On June 18, 1992, 39-year-old Annie Yarbough and 12-year-olds Chavonn Barnes and Latasha Knox were fatally stabbed in Yarbough’s Coney Island apartment.
Anthony Yarbough, Annie’s son and Chavonn’s sister, was convicted of the triple-murder, along with Sharrif Wilson. Yarbough received a prison sentence of 75 years-to-life. Wilson, who took prosecutors’ deal to testify against Yarbough, got a nine years-to-life sentence, though he would be denied parole in each of his first six tries.
Twenty-one years later, after DNA evidence cast doubt on the convictions and Wilson recanted his statements, the men are free. On Thursday, the Brooklyn District Attorney’s office dropped the case.
The convictions had seemed shaky since 1999, when police discovered DNA on the body of a murder victim, Migdalia Ruiz, that matched DNA found beneath Annie Yarbough’s fingernails. From there, it was possible to deduce that her true murderer had killed again, while Anthony Yarbough and Wilson sat in prison.
Six years later, Wilson recanted his testimony implicating Yarbough. Wilson was 15 at the time of the arrest and prosecutors offered him a lighter sentence if he turned on his co-defendant.
There were no witnesses to the crime and prosecutors did not offer a reasonable explanation for why Yarbough would murder his mother and sister. Yarbough, who 18 and had no criminal record at the time of the arrest, claimed that police coerced him into signing a false confession, which he withdrew soon after.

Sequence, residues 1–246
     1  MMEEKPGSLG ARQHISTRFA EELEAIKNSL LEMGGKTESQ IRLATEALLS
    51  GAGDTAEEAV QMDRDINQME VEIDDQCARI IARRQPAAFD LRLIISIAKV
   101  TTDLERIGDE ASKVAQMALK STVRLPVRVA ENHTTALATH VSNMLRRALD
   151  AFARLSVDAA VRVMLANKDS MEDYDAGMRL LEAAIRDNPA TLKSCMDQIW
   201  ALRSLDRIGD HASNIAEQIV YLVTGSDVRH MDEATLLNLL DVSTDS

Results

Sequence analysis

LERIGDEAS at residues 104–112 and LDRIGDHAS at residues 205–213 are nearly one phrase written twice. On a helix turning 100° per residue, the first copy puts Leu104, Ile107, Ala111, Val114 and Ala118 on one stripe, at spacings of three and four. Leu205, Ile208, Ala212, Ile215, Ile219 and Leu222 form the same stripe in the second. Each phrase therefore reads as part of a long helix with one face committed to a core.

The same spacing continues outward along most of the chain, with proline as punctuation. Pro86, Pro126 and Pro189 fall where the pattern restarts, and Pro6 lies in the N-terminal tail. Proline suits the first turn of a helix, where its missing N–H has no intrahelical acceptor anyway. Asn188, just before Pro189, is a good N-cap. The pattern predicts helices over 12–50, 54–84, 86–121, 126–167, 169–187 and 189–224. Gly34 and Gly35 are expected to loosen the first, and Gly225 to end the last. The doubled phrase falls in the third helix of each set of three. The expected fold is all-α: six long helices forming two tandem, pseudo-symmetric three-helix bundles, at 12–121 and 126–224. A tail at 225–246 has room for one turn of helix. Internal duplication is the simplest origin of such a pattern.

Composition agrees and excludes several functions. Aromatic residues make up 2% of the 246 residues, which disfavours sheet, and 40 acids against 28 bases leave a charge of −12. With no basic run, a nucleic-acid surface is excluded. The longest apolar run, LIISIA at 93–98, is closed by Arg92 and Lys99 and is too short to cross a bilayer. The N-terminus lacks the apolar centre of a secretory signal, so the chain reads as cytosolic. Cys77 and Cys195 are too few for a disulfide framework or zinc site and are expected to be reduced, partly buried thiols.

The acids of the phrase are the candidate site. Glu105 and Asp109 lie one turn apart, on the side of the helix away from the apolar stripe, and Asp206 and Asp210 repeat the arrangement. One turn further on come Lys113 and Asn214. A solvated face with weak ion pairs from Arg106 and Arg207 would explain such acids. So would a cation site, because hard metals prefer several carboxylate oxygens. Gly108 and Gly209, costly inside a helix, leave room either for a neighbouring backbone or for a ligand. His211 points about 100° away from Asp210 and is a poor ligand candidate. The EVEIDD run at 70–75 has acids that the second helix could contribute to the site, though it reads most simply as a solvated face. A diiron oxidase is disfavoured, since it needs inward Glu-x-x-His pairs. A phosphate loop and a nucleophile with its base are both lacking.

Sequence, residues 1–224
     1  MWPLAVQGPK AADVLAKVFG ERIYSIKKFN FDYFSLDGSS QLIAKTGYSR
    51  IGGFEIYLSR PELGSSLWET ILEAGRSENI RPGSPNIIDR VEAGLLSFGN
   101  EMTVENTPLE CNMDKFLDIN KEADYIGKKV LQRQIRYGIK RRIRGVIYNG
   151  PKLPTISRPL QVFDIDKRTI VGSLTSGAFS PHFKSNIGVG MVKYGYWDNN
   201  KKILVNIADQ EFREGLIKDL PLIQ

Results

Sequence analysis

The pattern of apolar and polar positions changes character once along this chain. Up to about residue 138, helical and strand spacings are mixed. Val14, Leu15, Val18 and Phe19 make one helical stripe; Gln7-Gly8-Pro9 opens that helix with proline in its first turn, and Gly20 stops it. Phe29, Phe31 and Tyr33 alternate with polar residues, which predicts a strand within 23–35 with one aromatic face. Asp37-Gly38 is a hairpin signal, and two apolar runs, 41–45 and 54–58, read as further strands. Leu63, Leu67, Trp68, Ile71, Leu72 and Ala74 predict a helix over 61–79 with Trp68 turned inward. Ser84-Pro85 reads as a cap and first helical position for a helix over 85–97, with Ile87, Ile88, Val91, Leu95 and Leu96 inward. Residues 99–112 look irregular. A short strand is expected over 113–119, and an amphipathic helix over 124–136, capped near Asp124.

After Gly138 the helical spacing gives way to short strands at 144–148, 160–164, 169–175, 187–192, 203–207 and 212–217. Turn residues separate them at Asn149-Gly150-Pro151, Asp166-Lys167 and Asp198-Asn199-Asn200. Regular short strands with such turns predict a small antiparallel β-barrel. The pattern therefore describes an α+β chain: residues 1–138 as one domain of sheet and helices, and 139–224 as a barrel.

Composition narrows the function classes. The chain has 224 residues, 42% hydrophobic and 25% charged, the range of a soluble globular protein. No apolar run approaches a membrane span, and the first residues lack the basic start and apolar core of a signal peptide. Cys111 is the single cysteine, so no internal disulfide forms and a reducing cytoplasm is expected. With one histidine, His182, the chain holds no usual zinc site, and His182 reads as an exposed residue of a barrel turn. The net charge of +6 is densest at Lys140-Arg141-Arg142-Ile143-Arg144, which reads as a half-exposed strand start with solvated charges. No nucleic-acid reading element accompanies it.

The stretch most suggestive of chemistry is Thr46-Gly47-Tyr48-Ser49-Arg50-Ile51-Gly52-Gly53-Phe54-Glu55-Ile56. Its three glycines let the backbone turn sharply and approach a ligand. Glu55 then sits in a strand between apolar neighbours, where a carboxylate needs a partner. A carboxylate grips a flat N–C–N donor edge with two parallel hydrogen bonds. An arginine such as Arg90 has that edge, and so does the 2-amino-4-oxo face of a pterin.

Brooklyn District Attorney Ken Thompson has said that he has prioritized examining possible wrongful convictions. Many of those cases took place under his predecessor Charles Hynes, who has since faced accusations of turning a blind eye to shady policing practices that helped prosecutors secure convictions–from rough interrogations to fake witnesses. Yarbough and Wilson are the latest in a string of wrongfully convicted inmates to walk free. One of them, Jabar Collins, who served 15 years for a murder he has since been acquitted of, is suing Hynes for $150 million in damages.
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